Bill Herridge was kind enough to give me an interview about the early days of the museum. He had several traveling exhibits he arranged to come to the museum for 6 weeks. He was especially proud to be a part of bringing these to Coryell Museum to show that people of every color helped win the war to keep our freedom.
One he remembers is the traveling exhibit from the Negro Baseball Leagues covering their history from pre-1900, to 1947 when the “color line” fell away. These excellent ball players were excluded from National Baseball Leagues before 1947 because of segregation and the Jim Crow laws. This meant the players had to sleep in the bus, because they could not stay in a motel. They had to eat at the back of any restaurant, usually outside, because they could not come into the front or inside. When the “color barrier” was broken in 1947 the Negro players were allowed in the National Baseball Leagues. Jackie Robinson led the way for baseball integration. The exhibit included photos, placards and 3 sets of free standing lockers, which included a jersey and baseball cap. The lockers saluted the first 11 National Baseball Hall of Fame inductees. There was also a 7 minute tape titled “Discover Greatness.” These men finally had the chance to enjoy the freedom of equality.
Another exhibit Bill Herridge was proud to bring to the museum was titled “North America: United for Victory”. This exhibit told about three minorities that contributed to the war effort to rid the world of some tyrants.
Navajo Code Talkers served in the Marine Corp and communicated messages in combat that were undecipherable to Japanese listeners. The code talkers took part in every assault the Marines conducted in the Pacific from 1942-1945. No small accomplishment. The first 29 Navajos recruits reported to Camp Pendleton in May of 1942 to create the Navajo Code. They had to create a dictionary and numerous words in Navajo for military terms. Telephone and radio transmissions could be picked up by the Japanese, but the Navajo Code was never deciphered by the enemy. As many as 420 Navajos served in WWII as code talkers transmitting orders and other vital battlefield communications . These men were proud to serve in the Marines to insure American freedom.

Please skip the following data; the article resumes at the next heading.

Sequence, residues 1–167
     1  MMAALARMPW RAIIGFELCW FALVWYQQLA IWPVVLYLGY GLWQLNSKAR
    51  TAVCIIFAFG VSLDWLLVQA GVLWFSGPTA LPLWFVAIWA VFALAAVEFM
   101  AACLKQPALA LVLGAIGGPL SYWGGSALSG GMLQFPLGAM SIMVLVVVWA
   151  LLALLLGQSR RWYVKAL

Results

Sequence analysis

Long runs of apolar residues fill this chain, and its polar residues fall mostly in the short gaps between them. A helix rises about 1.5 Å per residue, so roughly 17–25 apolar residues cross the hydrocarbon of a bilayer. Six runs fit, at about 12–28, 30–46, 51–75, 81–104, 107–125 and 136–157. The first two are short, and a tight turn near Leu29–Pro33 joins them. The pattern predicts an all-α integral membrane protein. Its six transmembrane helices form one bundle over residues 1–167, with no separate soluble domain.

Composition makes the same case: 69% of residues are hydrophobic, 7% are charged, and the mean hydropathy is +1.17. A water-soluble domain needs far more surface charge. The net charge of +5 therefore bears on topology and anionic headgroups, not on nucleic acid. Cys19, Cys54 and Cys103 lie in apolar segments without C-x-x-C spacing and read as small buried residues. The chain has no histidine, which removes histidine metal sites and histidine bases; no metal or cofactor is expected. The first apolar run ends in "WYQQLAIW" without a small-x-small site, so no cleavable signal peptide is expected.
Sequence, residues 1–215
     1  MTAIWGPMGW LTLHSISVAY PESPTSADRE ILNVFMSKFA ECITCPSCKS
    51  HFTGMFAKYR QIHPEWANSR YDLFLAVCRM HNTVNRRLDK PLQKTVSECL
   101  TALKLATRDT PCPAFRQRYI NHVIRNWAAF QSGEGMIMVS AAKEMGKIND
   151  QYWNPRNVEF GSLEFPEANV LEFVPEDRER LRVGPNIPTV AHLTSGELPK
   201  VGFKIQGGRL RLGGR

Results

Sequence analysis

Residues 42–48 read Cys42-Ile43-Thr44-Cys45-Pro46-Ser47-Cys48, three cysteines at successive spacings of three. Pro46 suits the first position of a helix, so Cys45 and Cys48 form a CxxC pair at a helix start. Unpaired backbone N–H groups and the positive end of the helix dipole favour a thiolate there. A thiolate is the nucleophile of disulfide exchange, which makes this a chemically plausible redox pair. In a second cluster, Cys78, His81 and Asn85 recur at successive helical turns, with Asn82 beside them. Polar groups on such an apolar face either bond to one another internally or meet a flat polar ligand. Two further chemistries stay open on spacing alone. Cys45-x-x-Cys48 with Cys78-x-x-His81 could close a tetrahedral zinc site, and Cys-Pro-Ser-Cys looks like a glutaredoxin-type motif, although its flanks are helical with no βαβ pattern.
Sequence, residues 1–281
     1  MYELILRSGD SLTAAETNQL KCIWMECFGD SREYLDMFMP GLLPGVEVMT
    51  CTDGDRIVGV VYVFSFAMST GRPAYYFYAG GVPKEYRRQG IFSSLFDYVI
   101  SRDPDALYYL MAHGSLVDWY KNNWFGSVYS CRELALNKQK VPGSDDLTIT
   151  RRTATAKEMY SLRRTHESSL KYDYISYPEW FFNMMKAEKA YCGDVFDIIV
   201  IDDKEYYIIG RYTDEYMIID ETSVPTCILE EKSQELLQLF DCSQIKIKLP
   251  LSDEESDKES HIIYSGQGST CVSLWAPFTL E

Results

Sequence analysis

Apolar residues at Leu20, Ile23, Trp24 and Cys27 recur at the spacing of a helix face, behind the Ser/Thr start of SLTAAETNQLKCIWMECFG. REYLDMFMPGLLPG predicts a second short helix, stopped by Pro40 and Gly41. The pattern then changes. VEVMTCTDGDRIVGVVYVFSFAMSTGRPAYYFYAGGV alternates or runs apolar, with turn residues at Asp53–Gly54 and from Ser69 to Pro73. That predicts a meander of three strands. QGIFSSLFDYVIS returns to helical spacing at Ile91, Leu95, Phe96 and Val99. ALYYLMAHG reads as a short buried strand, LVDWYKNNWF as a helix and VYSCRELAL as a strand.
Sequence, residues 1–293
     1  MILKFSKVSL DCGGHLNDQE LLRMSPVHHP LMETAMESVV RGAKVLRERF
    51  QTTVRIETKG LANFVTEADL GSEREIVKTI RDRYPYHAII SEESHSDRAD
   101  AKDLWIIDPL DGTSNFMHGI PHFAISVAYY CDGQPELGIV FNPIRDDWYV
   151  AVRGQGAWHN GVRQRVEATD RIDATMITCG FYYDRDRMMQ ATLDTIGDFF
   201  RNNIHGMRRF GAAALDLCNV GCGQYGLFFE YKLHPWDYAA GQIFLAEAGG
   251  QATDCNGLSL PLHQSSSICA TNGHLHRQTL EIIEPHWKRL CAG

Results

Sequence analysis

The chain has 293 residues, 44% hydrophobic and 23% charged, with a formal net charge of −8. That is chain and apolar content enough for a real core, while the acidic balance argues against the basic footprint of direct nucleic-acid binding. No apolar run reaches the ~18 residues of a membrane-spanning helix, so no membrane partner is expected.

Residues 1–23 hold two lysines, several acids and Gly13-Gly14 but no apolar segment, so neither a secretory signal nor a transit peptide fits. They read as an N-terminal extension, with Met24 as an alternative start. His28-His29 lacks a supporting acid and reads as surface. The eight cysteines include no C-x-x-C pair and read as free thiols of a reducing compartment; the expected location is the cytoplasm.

The 201st Squadron was the only military unit from Mexico to see combat in WWII. They flew under the command of the 5th Air Force in the Philippines. These brave men liberated the Philippines from the wartime Japanese occupation. These pilots were known in the Mexican press as “Eagle Fighters” and “Aztec Eagles”. Of the 31 pilots who flew for Mexico, and the Allies, seven men never returned. Their service was deservingly decorated by the United States, the Philippines and Mexico for their bravery in the battle for freedom.
The exhibit also included the Tuskegee Airmen who were a group of pilots and ground crew that trained at Tuskegee University in Alabama. This all black fighter group was known as the 332nd Unit and was formed because black Americans were barred from being fighter pilots at the time because of segregation.
Earlier this year the movie “Redtails” was praised by the airmen as an accurate depiction of their honorable service. There is an exhibit of the Tuskegee Airmen at the World War II Gallery of the National Museum of the United States Air Force, in Dayton, Ohio. The Tuskegee Airmen never lost a bomber under their escort care to hostile fire. Their skill and ability helped win the war and kept freedom alive.